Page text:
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Study: Putting kids to bed early means better mental health... for mom

Parents looking for a simple sanity saver may find it by adjusting their children’s bedtimes: Kids who fall asleep early are more likely to be healthier, and their moms have better mental health, research has found.

“So mums and dads, getting kids to bed early is not just great for them. It’s good for you, too,” said Jon Quach, lead author and research fellow at the Murdoch Children’s Research Institute in Melbourne, Australia, in a written statement.

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Time for bed: Getting kids to fall asleep can be a struggle for parents.

Quach and his colleagues defined "early to bed" as being asleep by 8:30 p.m.

That’s a very typical bedtime for early school age kids, whose level of melatonin — the hormone that helps the brain chill out and fall asleep — tends to peak around 8 o’clock at night, said Dr. Wendy Sue Swanson, a Seattle pediatrician who writes the Seattle Mama Doc blog. She was not involved in the Australian study.

“We know that sleep is a really relevant part of our mental health, our mood. We know in kids, it’s related to behavioral [issues] and the ability to self-control,” Swanson told TODAY Parents.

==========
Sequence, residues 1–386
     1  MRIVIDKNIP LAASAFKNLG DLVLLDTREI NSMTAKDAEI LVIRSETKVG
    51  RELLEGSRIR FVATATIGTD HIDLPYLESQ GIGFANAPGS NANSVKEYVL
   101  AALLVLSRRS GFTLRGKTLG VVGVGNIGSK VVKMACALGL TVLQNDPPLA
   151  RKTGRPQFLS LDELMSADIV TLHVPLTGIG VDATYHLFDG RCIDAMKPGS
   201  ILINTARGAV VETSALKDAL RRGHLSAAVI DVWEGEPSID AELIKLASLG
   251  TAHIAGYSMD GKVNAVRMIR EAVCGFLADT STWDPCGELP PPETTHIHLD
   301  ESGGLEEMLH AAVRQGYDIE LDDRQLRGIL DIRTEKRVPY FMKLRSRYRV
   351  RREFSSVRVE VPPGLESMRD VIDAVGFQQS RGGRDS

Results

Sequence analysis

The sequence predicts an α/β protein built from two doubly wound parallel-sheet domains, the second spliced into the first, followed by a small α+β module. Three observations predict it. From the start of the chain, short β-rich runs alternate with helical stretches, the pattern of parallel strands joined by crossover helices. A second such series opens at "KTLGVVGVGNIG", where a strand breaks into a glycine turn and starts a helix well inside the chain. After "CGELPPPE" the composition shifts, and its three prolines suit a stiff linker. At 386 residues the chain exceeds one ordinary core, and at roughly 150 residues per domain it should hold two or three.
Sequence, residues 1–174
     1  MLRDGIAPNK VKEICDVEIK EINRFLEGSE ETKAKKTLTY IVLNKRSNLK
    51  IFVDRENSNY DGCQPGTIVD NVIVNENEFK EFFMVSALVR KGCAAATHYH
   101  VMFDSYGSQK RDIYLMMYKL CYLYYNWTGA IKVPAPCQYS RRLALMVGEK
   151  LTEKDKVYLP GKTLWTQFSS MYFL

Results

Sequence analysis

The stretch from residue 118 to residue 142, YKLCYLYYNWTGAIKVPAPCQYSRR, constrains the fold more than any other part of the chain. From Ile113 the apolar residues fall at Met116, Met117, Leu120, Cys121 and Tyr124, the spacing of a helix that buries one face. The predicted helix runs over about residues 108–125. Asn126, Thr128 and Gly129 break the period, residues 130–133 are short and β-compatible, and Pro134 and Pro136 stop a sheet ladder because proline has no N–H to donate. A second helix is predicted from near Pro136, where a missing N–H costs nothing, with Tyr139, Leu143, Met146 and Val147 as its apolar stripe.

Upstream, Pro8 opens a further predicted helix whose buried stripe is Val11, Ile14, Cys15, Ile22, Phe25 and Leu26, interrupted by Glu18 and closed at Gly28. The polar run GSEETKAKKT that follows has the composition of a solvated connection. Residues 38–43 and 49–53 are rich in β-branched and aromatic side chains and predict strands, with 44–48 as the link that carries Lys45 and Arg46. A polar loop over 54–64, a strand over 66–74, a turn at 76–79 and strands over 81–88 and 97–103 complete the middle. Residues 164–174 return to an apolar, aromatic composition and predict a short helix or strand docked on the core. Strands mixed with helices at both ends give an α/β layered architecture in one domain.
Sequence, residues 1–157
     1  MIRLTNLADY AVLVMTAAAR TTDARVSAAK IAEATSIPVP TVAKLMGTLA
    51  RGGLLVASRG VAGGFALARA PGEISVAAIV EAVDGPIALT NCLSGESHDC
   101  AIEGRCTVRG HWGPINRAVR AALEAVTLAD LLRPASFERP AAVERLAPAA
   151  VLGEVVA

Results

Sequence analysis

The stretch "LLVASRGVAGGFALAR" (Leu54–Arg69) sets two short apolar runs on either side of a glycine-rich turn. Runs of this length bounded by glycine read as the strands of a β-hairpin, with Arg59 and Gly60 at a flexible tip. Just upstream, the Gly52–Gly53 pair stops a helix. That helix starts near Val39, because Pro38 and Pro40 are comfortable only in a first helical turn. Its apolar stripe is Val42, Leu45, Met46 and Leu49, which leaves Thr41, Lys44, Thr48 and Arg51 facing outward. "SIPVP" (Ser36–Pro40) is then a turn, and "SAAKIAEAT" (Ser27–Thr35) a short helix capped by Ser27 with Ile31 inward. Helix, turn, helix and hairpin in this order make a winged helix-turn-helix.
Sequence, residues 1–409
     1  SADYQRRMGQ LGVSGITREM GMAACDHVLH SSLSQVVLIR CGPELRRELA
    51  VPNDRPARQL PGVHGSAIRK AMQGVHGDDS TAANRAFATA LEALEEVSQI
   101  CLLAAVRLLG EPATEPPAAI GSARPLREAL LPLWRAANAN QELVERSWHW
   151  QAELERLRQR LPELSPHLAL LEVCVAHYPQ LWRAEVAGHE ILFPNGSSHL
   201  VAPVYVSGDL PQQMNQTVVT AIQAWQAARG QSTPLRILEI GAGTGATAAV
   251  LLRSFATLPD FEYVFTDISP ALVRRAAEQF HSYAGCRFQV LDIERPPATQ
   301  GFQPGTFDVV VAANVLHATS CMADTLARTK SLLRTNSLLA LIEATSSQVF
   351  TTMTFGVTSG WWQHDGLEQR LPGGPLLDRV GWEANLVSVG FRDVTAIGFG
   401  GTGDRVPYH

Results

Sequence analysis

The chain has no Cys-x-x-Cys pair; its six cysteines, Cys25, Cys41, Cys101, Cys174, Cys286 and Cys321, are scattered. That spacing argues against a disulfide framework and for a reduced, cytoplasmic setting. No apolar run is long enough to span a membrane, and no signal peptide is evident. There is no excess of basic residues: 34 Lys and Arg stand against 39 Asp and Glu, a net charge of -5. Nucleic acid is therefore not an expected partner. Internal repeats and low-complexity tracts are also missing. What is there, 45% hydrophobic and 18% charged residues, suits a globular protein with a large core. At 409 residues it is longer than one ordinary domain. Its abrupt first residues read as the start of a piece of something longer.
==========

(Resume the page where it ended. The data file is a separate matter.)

“When we think about mom, it makes a lot of sense to me that if kids are early to bed, mom is going to wind down, get things done and feel like things are under control.”

Read more: 4 ways to improve your child's bedtime routine

The study results are based on interviews with children and parents taking part in the “Growing Up in Australia” study, which began tracking thousands of Australian families in 2004 and continued to check in with them every two years.

For this analysis, researchers used information collected from parents of kids who were 4 to 5 years old, then again when they were 6 to 7, and finally when they were 8 to 9 years old.

After crunching the study’s sleep and lifestyle data, the researchers found children with earlier bedtimes had “better health-related quality of life” compared to the other kids, while their mothers had improved mental health.

This was true regardless of how long the children actually slept — the key was going to bed early. The findings were presented at the Sleep DownUnder 2015 conference in Melbourne last month.

For guidance, the U.S. National Sleep Foundation recommends 10-13 hours of slumber for preschoolers and 9-11 hours of sleep for school age children.

Kids do much better when they have a very consistent bedtime, but that can be an issue for families, Swanson noted.

“Without question, people struggle with bedtime,” she said. “That might be the result of having a child overscheduled. … The other thing we know is we’re starting to see the creep of digital devices into the bedtime routine and into the bedroom itself.”

The blue light that comes from these gadgets affects the ability of a child to wind down, she noted.

To get your kids asleep on time, Swanson suggests the following four steps:

  • Make sure they get exercise during the day
  • Have screens out of their hands by 7 p.m.
  • Give them time to wind down after dinner
  • Give them a chance to spend family time with you before you tuck them into bed.

“There is no question that consistency and prioritization of sleep is going to make your life better,” Swanson said.

Follow A. Pawlowski on Google+ and Twitter.

Editor's note: This story was originally published on Nov. 4, 2015.

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